Written on ICF.com.
Results show that federal agencies face an uphill battle—but not an impossible one.
What does digital transformation mean for government agencies? And how can they achieve it in the context of the unique challenges they face?
This kind of sea change is no longer a luxury, but a critical component for increasing efficiencies, reducing costs, and achieving mission success across the public sector. Although most agree with the need for digital transformation, many just aren’t sure how to start.
To dig a little deeper into these dynamics, ICF recently partnered with Wakefield Research to develop a new report: 2018 Federal Digital Trends.
Read on for an overview and highlights from the report.
About The Report
We conducted this study because we wanted to gain a better understanding of how digital transformation is being received within government agencies—and explore the experience from the perspectives of those who live it every day. Using an email invitation and an online survey, Wakefield Research conducted the study among 500 federal full-time employees, with 250 employees at levels GS-9 through GS-12 and 250 program level directors GS-13 or higher.
Digitization is no longer a luxury, but a critical component for increasing efficiencies, reducing costs, and achieving mission success across the public sector.
Overall, findings from the report indicate that not much has changed over the years when it comes to digital transformation in government. That’s not to diminish the great work being done within agencies that have started a transition into the digital age. But for many, there is still a significant struggle in terms of knowing how to start.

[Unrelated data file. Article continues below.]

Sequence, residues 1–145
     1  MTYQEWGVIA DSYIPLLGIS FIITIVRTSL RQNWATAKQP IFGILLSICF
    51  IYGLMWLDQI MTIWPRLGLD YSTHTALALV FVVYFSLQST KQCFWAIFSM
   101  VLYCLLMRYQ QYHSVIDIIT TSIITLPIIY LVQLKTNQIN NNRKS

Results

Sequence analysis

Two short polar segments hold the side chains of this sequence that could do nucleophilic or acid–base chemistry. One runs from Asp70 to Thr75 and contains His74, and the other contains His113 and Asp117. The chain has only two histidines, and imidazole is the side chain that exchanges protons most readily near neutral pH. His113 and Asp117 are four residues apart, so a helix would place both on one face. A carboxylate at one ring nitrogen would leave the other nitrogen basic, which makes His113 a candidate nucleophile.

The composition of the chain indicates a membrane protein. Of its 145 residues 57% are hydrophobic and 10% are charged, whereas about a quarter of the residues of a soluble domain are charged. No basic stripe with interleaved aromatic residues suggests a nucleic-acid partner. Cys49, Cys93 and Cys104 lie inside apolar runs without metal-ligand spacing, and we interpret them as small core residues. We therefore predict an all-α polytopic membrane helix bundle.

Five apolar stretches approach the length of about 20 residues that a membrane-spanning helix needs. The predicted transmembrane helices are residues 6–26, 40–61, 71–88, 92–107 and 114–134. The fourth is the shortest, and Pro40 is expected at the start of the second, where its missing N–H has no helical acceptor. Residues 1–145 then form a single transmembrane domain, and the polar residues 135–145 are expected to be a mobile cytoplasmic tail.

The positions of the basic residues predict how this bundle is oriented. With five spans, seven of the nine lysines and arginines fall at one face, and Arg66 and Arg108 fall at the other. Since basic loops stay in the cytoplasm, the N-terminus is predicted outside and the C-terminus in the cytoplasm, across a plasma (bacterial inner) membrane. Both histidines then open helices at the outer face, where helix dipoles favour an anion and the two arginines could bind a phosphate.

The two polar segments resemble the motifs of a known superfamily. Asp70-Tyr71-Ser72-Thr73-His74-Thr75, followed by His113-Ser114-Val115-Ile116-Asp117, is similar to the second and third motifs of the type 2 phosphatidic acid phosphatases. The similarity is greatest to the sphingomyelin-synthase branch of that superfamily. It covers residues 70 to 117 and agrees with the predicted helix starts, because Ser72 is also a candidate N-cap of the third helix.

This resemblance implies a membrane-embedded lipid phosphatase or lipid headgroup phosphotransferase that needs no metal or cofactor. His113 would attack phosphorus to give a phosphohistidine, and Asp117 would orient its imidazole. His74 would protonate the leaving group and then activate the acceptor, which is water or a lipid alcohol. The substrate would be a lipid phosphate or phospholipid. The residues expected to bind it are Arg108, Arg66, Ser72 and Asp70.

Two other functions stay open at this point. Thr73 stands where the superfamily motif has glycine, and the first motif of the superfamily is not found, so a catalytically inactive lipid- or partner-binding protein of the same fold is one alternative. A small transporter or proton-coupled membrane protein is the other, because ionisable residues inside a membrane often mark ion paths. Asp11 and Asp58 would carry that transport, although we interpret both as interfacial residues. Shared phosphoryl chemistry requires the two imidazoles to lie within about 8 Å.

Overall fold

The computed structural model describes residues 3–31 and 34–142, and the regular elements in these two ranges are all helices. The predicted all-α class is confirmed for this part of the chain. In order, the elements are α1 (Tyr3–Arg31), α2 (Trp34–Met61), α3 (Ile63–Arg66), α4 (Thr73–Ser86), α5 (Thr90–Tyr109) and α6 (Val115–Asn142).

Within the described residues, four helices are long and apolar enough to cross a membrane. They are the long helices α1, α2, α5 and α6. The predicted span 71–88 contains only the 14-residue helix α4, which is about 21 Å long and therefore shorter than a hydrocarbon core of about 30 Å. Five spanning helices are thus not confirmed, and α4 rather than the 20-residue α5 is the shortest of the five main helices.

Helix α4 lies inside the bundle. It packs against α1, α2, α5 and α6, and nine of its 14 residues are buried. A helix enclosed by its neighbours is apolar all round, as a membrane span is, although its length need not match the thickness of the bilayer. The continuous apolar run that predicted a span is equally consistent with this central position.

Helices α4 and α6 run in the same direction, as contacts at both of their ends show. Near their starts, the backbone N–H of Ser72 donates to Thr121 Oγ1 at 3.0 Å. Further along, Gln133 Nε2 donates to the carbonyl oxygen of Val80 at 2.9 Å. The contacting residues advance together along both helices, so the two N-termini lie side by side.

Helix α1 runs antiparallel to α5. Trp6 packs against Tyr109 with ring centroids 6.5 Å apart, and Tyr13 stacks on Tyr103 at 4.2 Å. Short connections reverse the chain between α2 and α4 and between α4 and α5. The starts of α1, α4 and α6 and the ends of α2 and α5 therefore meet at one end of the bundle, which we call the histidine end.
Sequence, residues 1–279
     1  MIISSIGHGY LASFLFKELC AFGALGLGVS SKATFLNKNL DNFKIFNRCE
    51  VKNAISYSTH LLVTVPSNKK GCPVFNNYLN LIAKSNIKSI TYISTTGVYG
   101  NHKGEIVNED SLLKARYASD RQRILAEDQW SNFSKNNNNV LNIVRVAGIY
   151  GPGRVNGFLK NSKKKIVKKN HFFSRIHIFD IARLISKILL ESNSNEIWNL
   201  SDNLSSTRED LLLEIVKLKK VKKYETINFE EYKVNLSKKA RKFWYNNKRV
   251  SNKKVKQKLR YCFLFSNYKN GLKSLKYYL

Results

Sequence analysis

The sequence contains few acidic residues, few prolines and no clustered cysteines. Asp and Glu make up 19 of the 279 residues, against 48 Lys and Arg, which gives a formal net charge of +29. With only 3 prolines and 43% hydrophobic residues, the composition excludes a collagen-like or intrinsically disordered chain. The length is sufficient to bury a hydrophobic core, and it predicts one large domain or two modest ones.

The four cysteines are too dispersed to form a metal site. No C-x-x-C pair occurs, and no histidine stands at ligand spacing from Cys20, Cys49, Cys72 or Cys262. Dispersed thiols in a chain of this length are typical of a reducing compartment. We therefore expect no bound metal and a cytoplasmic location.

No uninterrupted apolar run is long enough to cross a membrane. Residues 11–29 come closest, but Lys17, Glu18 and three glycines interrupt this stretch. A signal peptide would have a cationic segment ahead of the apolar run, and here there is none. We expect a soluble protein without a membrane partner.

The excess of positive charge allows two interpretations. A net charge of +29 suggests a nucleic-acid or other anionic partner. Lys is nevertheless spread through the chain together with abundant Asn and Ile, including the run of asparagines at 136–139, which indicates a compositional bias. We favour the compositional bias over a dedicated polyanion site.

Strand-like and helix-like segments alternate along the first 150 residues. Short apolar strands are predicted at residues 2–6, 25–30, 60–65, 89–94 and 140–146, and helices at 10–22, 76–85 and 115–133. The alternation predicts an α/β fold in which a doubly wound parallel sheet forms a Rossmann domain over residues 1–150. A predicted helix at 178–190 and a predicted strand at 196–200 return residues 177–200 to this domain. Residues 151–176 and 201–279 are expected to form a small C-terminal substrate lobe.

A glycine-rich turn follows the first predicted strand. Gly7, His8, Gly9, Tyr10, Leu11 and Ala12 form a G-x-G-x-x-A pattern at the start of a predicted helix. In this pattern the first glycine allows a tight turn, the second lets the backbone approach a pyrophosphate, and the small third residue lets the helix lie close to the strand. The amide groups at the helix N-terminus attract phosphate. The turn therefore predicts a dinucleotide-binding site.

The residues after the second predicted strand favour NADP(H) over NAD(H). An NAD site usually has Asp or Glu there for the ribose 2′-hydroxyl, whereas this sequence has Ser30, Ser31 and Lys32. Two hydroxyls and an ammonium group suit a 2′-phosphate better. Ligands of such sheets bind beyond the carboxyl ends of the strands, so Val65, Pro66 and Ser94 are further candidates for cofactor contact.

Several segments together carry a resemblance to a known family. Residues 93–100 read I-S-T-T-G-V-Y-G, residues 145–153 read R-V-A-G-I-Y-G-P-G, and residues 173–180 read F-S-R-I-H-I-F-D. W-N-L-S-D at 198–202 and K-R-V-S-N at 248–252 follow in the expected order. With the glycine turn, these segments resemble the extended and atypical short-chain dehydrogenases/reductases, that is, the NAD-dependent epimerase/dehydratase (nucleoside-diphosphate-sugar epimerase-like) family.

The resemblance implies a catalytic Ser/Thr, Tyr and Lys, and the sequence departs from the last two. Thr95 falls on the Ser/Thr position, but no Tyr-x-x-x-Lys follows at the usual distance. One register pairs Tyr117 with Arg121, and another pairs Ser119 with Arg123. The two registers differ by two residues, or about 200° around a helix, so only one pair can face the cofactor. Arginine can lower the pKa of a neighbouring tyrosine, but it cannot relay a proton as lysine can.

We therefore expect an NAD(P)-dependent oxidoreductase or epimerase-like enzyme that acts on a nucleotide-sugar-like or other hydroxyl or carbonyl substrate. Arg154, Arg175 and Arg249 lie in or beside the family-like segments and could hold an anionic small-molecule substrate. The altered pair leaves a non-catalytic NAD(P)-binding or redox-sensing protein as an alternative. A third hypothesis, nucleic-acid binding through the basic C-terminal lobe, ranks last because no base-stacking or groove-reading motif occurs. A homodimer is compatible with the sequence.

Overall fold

Over 90% of respondents agreed that improving usability of technology should be prioritized over technology development.
Consider some of the feedback from respondents:
- 92%—agreed their agency needs to spend more time improving the usability of technology.
- 80%—believed that their agency would prioritize perfecting the technology over the citizen experience.
- 88%—agreed that federal security and privacy requirements significantly delay technological innovation.
- 91%—said that the federal IT procurement process needs to be overhauled.
The feedback we received also pointed to significant challenges in terms of defining mission success and maintaining an effective focus to achieve it. With a variety of unique issues to deal with—such as navigating the political landscape, meeting regulatory requirements, and maintaining stability when a new administration takes office—federal agencies often find it difficult to maintain momentum in their digital transformation efforts.
Want to learn more? Attend the Government Social Media & Digital Communications to Boost Citizen Engagement Conference in Washington D.C. on October 2 – 4, 2018.